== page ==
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RV and dogs  RSS feed

 
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Hope this is an okay forum, couldn't really find a place to put it. We got ourselves a piece of land a while ago and access issues have escalated meaning we're going to have to set up temporary camp by the edge of the lot instead of the ideal homestead site until we figure out whether to proceed or find a new home. So this means an RV. Main problem for us is we have two dogs and a cat and will probably have to work in town a bit to keep things going. My only real concern is when the weather gets hot. Has anyone had to deal with leaving animals behind in an RV? Most just say "don't do it on a hot day" but that isn't an option if you're scheduled to work. Wondering how novice homesteaders with pets navigated this issue. I'm not sure if it's wise or economical to leave a generator on unattended for that long. Not sure what the other options may be. Whether a roof covering would be sufficient or what
 
pollinator
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Location: Wisconsin, zone 4
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What area are you talking about?  "Hot" in Wisconsin is different than "hot" in Arizona.  Ideally, they will do better if they have a nice shady spot outside with trees and bushes.  Even a small breeze will help.  They will dig down a way into cooler earth to rest during the day.  Figure out how much fresh water they need, and then triple that amount.  Put it in the shade and make sure they can't tip it over.  An "invisible" fence can be a pretty good way to go if you don't have a way to contain them.  The cat will be harder if it won't stick around or if you are worried about a road nearby, but it shouldn't be hard to rig up some kind of enclosure with the same amenities as for the dogs.  If you are an area where the cat can roam freely, it will pretty much take care of itself as long as it has water available.
 
Seb Cha
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Outside Asheville NC. 6 months of the year are totally fine. But the summer does get into the upper 80s and the south can be pretty humid. We were planning on rigging up a fence with welded wire anyways. I still worry it can get too hot outside on the worst days. At their current home they have a door with the option to come in and out as needed. Hard to do on an RV. Another thought we had was building a roof over the RV with an extended covered porch. But i'm not sure if the shade from that would be sufficient to cool it down to where they can be inside without AC constantly on.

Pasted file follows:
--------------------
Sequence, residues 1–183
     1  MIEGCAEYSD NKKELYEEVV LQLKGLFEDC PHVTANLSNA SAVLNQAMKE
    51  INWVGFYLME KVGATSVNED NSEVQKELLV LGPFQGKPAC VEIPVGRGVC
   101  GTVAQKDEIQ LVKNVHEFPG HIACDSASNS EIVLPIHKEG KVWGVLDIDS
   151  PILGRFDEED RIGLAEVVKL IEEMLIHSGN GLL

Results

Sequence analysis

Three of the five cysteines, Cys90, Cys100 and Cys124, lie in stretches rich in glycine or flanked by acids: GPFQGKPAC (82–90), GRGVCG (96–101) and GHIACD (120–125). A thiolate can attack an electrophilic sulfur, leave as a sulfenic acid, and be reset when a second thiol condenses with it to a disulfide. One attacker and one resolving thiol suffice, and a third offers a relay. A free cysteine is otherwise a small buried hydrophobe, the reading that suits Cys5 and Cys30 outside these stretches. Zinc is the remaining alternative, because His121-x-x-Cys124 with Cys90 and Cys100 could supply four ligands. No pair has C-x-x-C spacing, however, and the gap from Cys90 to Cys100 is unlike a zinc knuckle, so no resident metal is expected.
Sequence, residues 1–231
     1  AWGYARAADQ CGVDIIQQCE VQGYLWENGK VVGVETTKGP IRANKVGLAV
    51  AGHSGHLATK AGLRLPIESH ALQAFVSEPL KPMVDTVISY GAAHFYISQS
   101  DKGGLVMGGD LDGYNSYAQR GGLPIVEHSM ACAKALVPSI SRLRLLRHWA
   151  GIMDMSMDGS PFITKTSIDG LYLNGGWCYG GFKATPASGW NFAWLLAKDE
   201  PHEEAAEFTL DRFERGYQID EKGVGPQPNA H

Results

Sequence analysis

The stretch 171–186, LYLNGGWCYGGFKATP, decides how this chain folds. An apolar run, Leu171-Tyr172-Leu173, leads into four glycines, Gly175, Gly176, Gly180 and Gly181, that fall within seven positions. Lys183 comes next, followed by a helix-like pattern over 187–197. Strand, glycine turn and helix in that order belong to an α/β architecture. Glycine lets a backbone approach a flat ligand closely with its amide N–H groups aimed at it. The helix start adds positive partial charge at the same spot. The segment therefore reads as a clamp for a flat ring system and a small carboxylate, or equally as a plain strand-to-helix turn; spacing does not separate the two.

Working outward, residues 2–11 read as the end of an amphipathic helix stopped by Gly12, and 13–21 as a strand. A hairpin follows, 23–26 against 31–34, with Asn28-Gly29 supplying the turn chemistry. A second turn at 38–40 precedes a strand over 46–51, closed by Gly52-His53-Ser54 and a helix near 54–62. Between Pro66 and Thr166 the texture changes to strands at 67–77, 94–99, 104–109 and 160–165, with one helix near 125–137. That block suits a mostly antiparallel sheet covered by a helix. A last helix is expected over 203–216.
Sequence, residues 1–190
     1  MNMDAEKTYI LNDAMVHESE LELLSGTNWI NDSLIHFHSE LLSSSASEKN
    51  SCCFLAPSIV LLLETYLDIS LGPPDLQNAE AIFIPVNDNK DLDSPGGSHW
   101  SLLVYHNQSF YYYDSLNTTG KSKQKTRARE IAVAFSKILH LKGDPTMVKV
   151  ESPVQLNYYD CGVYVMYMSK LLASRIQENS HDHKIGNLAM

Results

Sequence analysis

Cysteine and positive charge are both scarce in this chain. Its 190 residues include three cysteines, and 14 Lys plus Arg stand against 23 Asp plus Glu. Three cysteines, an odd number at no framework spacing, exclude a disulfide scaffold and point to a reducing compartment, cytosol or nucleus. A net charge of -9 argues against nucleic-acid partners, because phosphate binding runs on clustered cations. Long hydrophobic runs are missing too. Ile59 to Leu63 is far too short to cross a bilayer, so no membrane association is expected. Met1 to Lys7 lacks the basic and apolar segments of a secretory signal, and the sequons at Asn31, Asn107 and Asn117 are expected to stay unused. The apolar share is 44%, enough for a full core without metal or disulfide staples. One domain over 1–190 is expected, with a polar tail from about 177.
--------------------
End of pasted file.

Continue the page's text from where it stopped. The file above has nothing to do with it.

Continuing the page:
pollinator
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Location: 18 acres & heart in zone 4 (central MN). Current abode: Knoxville (zone 6 /7)
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Seb Cha wrote:But i'm not sure if the shade from that would be sufficient to cool it down to where they can be inside without AC constantly on.



My first reaction is to think definitely not. A big metal box (aka RV) outside in the 80s seems sure to get too hot for animals. I agree with Todd that you'd do best to set up something for them to be outside, with shade and ample water.

If you're still thinking about this, I suggest you test the temperature in the RV. In other words, get a thermometer that will tell you the highest temperature reached and put it inside the RV with the aircon off all day. There are both digital and old-fashioned ones that can do this but a digital one would of course be able to provide additional  information, in particular the average temperature. Once you get the results, you can go about setting up something outside.
 
Seb Cha
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Unfortunately i don't yet own the trailer and don't want to lock up my resources in another dead end to test the temperature. It's sounding more and more like this plan isn't as viable as i thought. Even outside i'd be concerned. I take them for a walk around the trails and with the humidity they're exhausted by the time we get back. Granted there's some exertion, but i think the humidity is a huge issue. I wouldn't expect them not to be playing alone in an enclosure anyways.